10 Cities With the Worst Jobless Rates in America

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Job growth is one indication of a booming economy. And, right now, the U.S. is seeing notable gains. The national unemployment rate is down to 3.5%, unchanged since October and the lowest in more than 50 years.

Unfortunately, not everyone has enjoyed that uptick. According to the U.S. Bureau of Labor Statistics‘ October data on 389 metropolitan areas, more than 100 had jobless rates above the nation’s average.

In 240 of those areas, the unemployment rate showed a decrease, however. In another 121 metros it went up, and in 28 it was unchanged, according to a November BLS release.

Following are metropolitan areas with the highest jobless rates in the country.

McAllen-Edinburg-Mission, Texas

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Jobless rate: 5.6%

Rate change from 2018: Up 0.1 percentage point

Over the last 10 years, the state of Texas has seen a steady decline in the unemployment rate.

Unfortunately, the cities within the McAllen-Edinburg-Mission metro area — in the Rio Grande Valley region along the border with Mexico — have not followed the same trajectory. The region has an unemployment rate more than 2 percentage points above the state’s 3.4% rate.

Weirton-Steubenville, West Virginia-Ohio

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Jobless rate: 5.7%

Rate change from 2018: Up 0.3 percentage point

For those on the Ohio side of this metro area — along the Ohio River about 30 miles west of Pittsburgh — there is some reprieve knowing that the Buckeye State is generous with its unemployment insurance. Ohio’s maximum weekly benefit is $598.

Merced, California

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Jobless rate: 5.8%

Rate change from 2018: Down 0.4 percentage point

Unemployment in California is compounded by the fact that the state’s living wage, the amount of income required to meet basic needs in a place, is one of the nation’s highest.

In order for a family of four to make ends meet in California, both working adults must make $19.48 per hour.

Fresno, California

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Jobless rate: 5.8%

Rate change from 2018: Down 0.6 percentage point

Unemployed and lower-income Fresno residents could be affected by upcoming restrictions to the federal Supplemental Nutrition Assistance Program.

One-fourth of Fresno households receive food stamps either through Cal Fresh or SNAP. With changes coming in April as a result of a rule change by the Trump administration, as many as 18,000 people in Fresno County could lose their benefits.

Longview, Washington

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Jobless rate: 5.9%

Rate change from 2018: Up 0.6 percentage point

There’s an upside to being unemployed in Washington state. It offers the highest maximum weekly unemployment benefit in the country.

On the other hand, the Evergreen State has the worst overall tax burden for its low-income residents.

Bakersfield, California

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Jobless rate: 6.1%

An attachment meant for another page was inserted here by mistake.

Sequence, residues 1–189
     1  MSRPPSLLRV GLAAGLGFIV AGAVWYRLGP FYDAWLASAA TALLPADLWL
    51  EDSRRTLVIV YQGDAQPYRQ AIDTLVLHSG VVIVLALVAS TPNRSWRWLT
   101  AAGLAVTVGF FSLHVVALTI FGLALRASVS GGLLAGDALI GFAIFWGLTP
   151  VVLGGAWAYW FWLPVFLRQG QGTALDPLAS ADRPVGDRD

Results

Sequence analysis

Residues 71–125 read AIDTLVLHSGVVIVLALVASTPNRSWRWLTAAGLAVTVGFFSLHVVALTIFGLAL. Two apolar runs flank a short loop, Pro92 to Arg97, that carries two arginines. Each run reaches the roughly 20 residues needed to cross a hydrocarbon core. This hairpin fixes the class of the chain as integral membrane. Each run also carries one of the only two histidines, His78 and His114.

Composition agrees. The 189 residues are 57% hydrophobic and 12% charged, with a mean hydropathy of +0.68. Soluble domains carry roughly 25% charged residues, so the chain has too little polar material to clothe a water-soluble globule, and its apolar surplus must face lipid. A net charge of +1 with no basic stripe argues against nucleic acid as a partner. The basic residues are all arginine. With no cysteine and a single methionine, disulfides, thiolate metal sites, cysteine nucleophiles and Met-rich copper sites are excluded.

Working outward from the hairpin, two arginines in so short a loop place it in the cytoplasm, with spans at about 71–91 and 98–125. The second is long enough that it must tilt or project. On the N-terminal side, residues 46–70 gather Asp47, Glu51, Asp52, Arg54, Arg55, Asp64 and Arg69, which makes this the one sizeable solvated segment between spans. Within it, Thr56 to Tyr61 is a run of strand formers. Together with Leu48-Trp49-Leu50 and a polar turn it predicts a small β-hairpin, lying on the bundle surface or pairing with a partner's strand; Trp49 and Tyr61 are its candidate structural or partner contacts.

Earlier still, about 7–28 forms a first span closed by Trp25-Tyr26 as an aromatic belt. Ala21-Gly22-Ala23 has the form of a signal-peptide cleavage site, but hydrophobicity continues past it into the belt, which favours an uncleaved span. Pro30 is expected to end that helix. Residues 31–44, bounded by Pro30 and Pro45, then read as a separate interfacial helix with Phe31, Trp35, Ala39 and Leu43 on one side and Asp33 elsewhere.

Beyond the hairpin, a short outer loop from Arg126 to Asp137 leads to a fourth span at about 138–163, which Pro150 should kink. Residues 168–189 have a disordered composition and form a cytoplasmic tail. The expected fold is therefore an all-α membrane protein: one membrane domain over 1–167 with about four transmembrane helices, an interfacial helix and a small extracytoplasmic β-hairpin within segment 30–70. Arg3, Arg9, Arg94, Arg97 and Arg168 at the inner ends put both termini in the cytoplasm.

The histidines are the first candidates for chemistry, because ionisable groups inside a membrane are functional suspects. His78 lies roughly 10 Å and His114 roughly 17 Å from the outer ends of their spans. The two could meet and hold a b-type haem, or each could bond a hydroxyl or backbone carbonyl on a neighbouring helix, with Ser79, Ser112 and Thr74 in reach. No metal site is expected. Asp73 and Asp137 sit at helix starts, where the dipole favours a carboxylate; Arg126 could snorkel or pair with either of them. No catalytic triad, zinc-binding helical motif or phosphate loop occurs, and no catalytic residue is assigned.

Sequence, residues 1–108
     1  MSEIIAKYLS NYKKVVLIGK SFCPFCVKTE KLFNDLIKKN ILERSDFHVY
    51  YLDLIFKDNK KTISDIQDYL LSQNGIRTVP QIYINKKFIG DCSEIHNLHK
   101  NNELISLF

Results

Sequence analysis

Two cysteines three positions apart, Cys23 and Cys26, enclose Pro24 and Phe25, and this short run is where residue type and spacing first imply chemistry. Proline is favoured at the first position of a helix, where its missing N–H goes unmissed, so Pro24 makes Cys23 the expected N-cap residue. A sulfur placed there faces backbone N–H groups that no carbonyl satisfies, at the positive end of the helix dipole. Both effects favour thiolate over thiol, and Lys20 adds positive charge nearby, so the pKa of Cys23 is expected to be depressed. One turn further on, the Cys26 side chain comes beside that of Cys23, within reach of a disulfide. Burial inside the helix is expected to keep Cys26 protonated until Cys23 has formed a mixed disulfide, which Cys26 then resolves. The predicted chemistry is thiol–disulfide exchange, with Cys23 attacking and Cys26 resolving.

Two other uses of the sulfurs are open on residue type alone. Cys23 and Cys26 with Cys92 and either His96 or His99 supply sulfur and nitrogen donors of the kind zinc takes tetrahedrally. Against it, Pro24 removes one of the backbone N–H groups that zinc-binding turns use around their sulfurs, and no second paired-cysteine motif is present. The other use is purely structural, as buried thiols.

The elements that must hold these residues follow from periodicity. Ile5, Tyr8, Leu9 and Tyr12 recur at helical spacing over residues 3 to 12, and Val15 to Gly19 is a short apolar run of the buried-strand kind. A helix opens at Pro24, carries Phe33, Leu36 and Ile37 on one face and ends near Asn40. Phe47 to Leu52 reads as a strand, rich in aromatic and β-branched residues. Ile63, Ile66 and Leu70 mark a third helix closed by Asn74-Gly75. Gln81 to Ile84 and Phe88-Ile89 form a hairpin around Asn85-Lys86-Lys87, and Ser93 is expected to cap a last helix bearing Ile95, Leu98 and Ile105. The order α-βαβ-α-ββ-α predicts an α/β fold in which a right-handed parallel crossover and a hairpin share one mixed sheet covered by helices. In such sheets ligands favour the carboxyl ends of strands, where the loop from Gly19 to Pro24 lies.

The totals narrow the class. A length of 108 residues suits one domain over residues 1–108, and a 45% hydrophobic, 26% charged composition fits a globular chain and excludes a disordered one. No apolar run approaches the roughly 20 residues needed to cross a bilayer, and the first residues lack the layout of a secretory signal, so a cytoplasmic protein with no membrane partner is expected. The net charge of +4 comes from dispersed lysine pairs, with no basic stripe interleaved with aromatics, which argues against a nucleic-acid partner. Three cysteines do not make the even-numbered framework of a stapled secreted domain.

Rate change from 2018: Down 0.4 percentage point

Finding a job is one thing, and finding a job that pays well is a whole different challenge.

In Bakersfield, the average hourly wage is about 5% below the national average of $24.98. Wages are especially low for workers in the sales, personal care and service industries.

Hanford-Corcoran, California

Unemployed worker
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Jobless rate: 6.3%

Rate change from 2018: Up 0.1 percentage point

It’s true that this region’s year-over-year increase in unemployment is minimal. However, the Hanford-Corcoran area has spent the better part of the last decade with a double-digit jobless rate.

As recently as March 2019, the area saw unemployment spike to 10.3%.

Visalia-Porterville, California

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Jobless rate: 8.0%

Rate change from 2018: Down 0.4 percentage point

The jobless rate in this city in California’s Central Valley is more than double the national unemployment rate.

And if you can land a job and hold onto it, Visalia-Porterville is one of the top 10 U.S. cities with the highest effective salaries, after the cost of living is factored in.

Yuma, Arizona

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Jobless rate: 16.1%

Rate change from 2018: Down 2.4 percentage points

Its jobless rate may be one of the highest, but it’s not all bad news for Yuma residents. The BLS list notes that unemployment in Yuma fell the most of any U.S. city in October compared with the year before.

A look at the last 10 years, however, shows that in Yuma, located in an agricultural area north of the Mexican border, unemployment typically rises sharply at the end of summer and hits its low point each spring.

El Centro, California

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Jobless rate: 21.2%

Rate change since 2018: Up 1.5 percentage points

According to Census.gov, nearly one-quarter of El Centro’s population lives in poverty.

El Centro, the Imperial County seat, is the commercial center of California’s Imperial Valley, an agricultural area in the southeastern corner of the state along the U.S. border with Mexico.

The Los Angeles Times wrote recently:

“Although some argue the seasonal nature of farming has inflated county unemployment figures, there is no denying Imperial County is well-acquainted with economic adversity.”

Are you familiar with these or other high-unemployment areas? Share your comments below or at Money Talks News on Facebook.

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